No one will say that laborers don't have right to the fruits of their labor (except so far as they advocate slavery, and some DO). Copyright is the SAME common law
This is called the "sweat of the brow" argument. It is not why copyright is granted to authors, and the Supreme Court has solidly rejected it.
In any case, you don't need copyright to enjoy the rights to your labor. Most laborers, in fact, do not enjoy a monopoly on the fruits of their labor. Instead, they are paid for the labor itself.
Construction workers don't get royalties on the buildings they help build. Factory workers don't get royalties on the cars that they help assemble. Waiters and waitresses do not get a cut of every plate of food sold.
If you were to treat authors the same as other laborers, then all creative work would be work for hire. In case you don't know, if a creation is a work for hire, then the creator does not - and never did - hold the copyright to the work. To be frank, that's how most creative workers actually get paid (film workers, graphic designers, classical music performers, etc).
And, again, nobody on this website has argued against artists' rights to be paid for their labor. That is very, very different than saying they have a right to a post-publication monopoly on everyone else's labor.
Even indirect income from in any way providing "for free" the protected work of others is clearly illegal, undeserved, immoral, and unethical.
This is clearly BS. This means that anyone who works for a public library is doing something "clearly illegal, undeserved, immoral, and unethical."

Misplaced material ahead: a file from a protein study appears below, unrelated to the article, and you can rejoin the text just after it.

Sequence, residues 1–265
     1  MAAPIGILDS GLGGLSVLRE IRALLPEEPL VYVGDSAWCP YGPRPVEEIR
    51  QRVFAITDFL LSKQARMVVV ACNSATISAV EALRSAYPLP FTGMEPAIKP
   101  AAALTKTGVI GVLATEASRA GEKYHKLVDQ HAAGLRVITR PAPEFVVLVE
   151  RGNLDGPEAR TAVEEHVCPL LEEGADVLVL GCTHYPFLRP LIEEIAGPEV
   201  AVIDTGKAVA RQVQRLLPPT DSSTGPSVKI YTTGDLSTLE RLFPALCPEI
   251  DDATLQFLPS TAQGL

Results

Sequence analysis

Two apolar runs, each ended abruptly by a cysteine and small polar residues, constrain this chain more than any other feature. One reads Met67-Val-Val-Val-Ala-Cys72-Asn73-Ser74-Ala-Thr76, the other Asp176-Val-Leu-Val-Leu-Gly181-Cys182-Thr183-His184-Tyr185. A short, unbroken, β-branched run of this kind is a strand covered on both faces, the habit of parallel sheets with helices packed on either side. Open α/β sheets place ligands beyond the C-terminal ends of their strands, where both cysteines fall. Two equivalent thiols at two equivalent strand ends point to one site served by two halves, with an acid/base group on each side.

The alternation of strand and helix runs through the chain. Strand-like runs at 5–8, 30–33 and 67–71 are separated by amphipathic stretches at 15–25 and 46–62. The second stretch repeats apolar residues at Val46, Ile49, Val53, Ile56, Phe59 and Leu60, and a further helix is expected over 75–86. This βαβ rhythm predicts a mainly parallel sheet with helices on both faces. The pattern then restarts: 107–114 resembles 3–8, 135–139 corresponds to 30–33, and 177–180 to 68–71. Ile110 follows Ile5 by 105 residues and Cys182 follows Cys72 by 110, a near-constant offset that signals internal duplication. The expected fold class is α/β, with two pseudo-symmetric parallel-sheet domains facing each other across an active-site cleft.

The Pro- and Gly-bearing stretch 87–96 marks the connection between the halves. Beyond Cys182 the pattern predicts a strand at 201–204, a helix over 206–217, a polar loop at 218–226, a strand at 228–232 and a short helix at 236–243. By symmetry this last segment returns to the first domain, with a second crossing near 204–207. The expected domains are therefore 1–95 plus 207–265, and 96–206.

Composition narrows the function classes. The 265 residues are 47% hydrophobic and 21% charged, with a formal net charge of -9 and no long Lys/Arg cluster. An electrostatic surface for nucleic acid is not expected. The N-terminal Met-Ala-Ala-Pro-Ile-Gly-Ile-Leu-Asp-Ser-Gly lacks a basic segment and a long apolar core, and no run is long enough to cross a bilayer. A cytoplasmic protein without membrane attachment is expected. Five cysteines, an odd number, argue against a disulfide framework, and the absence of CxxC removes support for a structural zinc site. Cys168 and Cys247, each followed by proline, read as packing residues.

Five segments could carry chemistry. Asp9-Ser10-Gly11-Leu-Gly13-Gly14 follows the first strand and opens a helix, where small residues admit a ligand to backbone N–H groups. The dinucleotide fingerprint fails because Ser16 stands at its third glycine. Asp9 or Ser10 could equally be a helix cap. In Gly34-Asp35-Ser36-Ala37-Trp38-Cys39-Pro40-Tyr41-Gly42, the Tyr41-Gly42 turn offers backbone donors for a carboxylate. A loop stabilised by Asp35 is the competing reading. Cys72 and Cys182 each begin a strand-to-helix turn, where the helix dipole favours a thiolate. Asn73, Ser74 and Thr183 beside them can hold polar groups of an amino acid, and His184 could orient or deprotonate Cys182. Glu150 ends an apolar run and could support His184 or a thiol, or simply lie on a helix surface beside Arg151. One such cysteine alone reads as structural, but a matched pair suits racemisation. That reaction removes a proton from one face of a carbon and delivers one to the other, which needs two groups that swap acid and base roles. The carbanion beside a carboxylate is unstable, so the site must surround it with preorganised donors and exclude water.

It is not illegal unless it is secondary liability under the law. And it is hard to argue that it is "undeserved, immoral, and unethical," since nearly every religion has said that creating abundance from scarcity is a moral good. (See the parable of the loaves and fishes in the Bible.) If anyone makes money from it, then they are making money from doing a social good. In fact, they are making money by distributing works to the public, which is exactly what copyright is supposed to promote.
Putting entire digital movie / music files online for anyone to download is NOT sharing, not fair use, nor fair to its creators; it does remove some degree of potential profit and some degree of actual profit.
It is sharing, even if unauthorized or unlawful. But it is sharing nonetheless, whether you like it or not.
You're right that it is almost certainly not fair use, assuming it is unauthorized. But I don't think anyone here argued that it was.
Whether it is "fair to its creators" is debatable, but immaterial as far as copyright law is concerned. Copyright law exists to encourage the creation and distribution of works to the general public - and for no other reason.
There is no such thing as "potential profit." There may, or may not, be any degree of actual profit, depending upon the nature of the work being shared. Relatively unknown works, for instance, almost certainly benefit from unauthorized sharing; works by established authors that are already popular, probably do not.
But, again, this is immaterial, unless that decline in profits means that fewer works are being created and distributed. There is no evidence that this is true, and in fact the opposite is happening.